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Sleepy Teens May be More Prone to Risky Behavior

In recent years, numerous studies have shown how important it is to get enough sleep.  Sleep deprivation can impact our cognitive function, impair our immune system, and open the door for chronic illnesses like high blood pressure and diabetes.  We all know that drowsy driving causes car accidents and long term sleep disturbances can impact personal relationships.  But can lack of sleep also make you more likely to take unnecessary risks?  New research says yes, especially if you are a teenager.

A new study from the Centers for Disease Control (CDC) shows that teenagers who don’t get enough sleep are more likely to engage in risky and unhealthy behaviors.  The Youth Risk Behavior Survey collected data on 12,000 teenagers ranging in age from 12 to 18 and found that the majority of them, nearly 70%, are not getting the sleep they need on a daily basis.  When you add these findings to sleep research that shows the long term health consequences of inadequate or low quality sleep, it seems that the sleep habits of our teenagers are endangering their health.  But that’s not all.

The CDC study also found that teenagers who get less than 8 hours sleep a night on a regular basis are more likely to participate in risky and unhealthy behaviors than their peers who are getting enough sleep.   Teenagers who reported getting less than 8 hours of sleep on average also reported higher instances of the following:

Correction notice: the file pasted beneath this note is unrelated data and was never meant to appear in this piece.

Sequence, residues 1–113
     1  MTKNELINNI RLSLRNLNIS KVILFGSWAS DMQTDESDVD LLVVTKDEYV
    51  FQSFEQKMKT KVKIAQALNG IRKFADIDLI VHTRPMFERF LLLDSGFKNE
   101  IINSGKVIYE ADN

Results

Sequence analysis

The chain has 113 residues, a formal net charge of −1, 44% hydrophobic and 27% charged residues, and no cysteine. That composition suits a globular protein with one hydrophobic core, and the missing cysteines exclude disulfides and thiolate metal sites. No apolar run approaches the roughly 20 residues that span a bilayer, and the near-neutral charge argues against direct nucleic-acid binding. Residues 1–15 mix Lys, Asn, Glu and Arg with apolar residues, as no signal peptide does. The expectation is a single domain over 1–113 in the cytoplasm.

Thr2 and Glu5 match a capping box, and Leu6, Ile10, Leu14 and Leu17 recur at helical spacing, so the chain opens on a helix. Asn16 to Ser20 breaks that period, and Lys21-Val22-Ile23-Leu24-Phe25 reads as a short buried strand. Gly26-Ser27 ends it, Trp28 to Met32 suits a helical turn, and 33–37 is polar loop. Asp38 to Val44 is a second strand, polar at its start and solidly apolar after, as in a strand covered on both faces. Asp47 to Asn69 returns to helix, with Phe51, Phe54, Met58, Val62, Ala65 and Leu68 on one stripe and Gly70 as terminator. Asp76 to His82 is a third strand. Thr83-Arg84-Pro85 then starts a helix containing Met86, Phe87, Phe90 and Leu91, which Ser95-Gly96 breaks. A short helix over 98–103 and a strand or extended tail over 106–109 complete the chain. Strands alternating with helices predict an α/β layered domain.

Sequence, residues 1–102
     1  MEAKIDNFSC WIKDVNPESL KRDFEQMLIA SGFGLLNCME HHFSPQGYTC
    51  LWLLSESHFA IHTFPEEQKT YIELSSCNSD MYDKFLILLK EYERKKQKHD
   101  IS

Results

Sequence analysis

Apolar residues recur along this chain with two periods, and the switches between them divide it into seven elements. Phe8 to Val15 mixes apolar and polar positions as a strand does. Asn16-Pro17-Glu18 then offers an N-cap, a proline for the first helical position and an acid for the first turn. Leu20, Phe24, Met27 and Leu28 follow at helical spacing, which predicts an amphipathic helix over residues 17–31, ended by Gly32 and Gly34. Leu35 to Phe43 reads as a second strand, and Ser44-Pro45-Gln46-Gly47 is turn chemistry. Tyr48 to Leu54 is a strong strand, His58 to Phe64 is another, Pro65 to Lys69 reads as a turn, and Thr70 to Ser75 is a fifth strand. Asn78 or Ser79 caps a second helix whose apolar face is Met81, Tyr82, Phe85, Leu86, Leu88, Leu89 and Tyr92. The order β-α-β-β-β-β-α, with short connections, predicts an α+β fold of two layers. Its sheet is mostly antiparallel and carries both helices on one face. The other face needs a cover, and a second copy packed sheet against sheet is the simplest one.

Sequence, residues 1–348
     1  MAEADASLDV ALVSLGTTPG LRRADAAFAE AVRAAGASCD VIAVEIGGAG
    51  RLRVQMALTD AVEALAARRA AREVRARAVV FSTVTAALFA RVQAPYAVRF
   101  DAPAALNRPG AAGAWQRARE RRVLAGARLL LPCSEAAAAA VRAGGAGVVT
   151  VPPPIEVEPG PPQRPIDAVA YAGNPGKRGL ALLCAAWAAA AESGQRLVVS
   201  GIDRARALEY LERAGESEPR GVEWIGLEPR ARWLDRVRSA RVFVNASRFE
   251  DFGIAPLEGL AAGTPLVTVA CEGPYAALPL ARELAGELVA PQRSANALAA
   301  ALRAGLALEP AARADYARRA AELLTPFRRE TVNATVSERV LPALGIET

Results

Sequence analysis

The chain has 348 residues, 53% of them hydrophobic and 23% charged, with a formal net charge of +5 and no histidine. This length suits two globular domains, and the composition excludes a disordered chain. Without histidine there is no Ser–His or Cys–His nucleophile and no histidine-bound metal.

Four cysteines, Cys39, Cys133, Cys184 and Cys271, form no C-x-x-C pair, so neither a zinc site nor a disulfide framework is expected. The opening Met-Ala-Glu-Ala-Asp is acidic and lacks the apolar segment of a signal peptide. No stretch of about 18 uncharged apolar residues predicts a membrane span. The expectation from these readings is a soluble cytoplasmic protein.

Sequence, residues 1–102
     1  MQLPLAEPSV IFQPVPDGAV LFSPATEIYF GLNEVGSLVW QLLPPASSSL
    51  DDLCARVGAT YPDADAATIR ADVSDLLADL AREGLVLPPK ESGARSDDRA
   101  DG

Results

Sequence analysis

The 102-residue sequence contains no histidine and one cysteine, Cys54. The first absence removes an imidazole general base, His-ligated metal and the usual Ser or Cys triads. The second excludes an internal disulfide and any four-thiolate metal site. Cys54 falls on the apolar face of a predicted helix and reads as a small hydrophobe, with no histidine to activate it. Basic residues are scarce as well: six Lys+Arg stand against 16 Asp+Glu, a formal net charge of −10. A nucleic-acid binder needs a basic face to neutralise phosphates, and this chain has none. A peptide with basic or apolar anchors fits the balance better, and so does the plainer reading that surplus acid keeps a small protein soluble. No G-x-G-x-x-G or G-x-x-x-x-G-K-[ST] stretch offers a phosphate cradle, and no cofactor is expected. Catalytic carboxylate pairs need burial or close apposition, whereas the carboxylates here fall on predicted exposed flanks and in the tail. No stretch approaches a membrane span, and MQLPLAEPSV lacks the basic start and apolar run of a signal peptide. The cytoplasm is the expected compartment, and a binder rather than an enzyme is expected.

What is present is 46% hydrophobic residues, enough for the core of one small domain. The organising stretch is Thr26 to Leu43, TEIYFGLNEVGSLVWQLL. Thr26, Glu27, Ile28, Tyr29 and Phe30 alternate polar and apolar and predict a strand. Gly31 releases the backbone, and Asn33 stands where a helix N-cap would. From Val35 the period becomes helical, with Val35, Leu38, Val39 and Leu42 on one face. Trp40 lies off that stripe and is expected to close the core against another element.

• Drinking at least one regular soft drink a day
  • Using illegal substances like alcohol or marijuana
  • Exercising less than twice a week
  • Getting in at least one physical altercation
  • Being sexually active
  • Feeling depressed, hopeless, or sad
  • Contemplating suicide

While additional research is needed to prove whether or not there is a causal relationship between sleep deprivation and these behaviors, the trend alone is disturbing for parents everywhere, especially if you factor in that the structure our society imposes on teenagers goes against their biology when it comes to sleep.

The National Sleep Foundation recommends that adolescents and teens get at least 8.5 to 9.25 hours of sleep each night.  Most middle and high schools start between 7 and 8:30 a.m.  Teenagers are biologically programmed to go to sleep later than they did when they were children.  This means that they aren’t just staying up because they want to and going to bed earlier will not necessarily bring a different result.  If the average time a teenager can fall asleep is 11 p.m. and they have to be at school at 7 a.m., it is not physically possible for them to get the sleep they need to be healthy, happy and productive. 

Given this time crunch and the ever increasing wealth of information indicating how big a factor sleep is in health and wellness, parents may wonder what they can do to help.  First, think about joining one of the many groups that are lobbying for later school start times for teenagers.  Second, work with your teenager to establish good sleep habits and a bedtime routine that will get them to sleep as soon as they are able to.  Third, look for times in their day to include a nap and help them structure their activities so that they are getting as much sleep as possible each night.

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